Many researchers such as SI Al-Azzo, SM and TA Salim in [17] conducted the experimental work mainly on the compressive strength and swelling properties of reinforced clay reinforced with metal fibers.

Different percentages of fibers mixed with soil were used to prepare the specimens to be tested. It was found that the maximum strength and breaking strain increased with increasing fiber content, while the swelling pressure and swelling potential decreased with increasing fiber content.

The appropriate percentage of fiber content has been found to be 8% [7] .

D. Baglari, and SK Dash, on the other hand in [18] improved the property of expansive soil by the combined application of lime and geosynthetic reinforcement using an experimental approach [7] .

2. Materials and Methods

2.1. Study Zone

In the context of this study, materials first clay soils have you prepares in the locality of Zalimé, commune of Zogbodomey.

The locality of Zalimé is located in the district of Massi which covers an area of 238 km2 and is between 6˚54'0'' and 7˚60'30'' of latitude North and 2˚4'0''and 2˚21'0'' East longitude.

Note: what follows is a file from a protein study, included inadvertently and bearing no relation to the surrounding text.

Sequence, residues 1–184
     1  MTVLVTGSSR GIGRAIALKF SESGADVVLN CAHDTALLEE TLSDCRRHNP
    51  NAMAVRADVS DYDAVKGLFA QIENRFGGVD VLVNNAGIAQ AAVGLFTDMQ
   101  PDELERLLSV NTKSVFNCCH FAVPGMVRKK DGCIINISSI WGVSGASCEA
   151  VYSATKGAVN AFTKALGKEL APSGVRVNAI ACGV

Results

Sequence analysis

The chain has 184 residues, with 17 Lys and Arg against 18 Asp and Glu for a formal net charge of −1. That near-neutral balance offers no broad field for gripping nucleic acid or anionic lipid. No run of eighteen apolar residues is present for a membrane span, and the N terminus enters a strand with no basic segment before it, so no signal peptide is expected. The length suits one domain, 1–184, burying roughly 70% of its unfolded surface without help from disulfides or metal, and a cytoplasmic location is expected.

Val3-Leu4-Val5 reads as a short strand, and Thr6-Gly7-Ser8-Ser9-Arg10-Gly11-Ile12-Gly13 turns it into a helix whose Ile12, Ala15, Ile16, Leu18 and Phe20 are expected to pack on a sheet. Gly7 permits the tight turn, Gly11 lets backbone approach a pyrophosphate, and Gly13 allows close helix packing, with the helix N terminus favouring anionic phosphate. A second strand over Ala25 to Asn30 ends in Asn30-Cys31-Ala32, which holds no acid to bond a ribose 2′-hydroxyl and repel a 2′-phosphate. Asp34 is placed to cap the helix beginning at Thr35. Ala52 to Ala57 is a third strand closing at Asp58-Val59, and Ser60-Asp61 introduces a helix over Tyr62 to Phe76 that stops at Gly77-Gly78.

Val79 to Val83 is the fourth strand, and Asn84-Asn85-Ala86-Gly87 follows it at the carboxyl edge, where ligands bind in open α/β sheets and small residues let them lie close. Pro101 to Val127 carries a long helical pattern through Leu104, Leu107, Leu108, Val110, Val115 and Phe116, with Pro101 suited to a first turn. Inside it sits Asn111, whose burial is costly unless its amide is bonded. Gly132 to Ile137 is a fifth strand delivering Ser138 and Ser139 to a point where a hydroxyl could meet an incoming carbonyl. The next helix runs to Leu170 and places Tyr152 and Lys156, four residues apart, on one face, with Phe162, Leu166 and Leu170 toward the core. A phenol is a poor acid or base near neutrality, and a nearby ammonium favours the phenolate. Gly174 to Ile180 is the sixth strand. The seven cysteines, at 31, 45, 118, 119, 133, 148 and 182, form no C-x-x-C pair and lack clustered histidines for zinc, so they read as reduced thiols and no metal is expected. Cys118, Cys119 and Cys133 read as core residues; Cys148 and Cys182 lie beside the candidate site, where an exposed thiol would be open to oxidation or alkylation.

The district of Massi is bounded to the north by the districts of Tanwéhèssou, Zoukou, Avlamè and Koussoukpa, to the south by the municipality of Toffo, to the east by the district of Kpokissa and to the west by Akiza Ward Geologically, the arrondissement of Massi is located on the north-central border of the coastal sedimentary basin, where outcrop formations of maestrichtian, lower-middle paleocene (50 m) and upper paleocene age, locally covered with lateritic cuirasses of the clay and limestone. locally covered with lateritic cuirasses of clay and limestone. Figure 1 and Figure 2 show the location and geological constitution of the soil in the study area.

2.2. Materials and Materials

The equipment used for the physical and mechanical parameters of the soils in our study area are: a Casagrande device for determining the Atterberg limits, a set of sieves for determining passages through the various sieves including the 2 µm sieve, an oven for drying the materials, scales for weighing the materials, a thermometer for measuring the temperature, a normal Proctor and CBR mold for determining the dry density (γs), the optimal water content (ωopt) and the bearing index of the soil (I, CBR).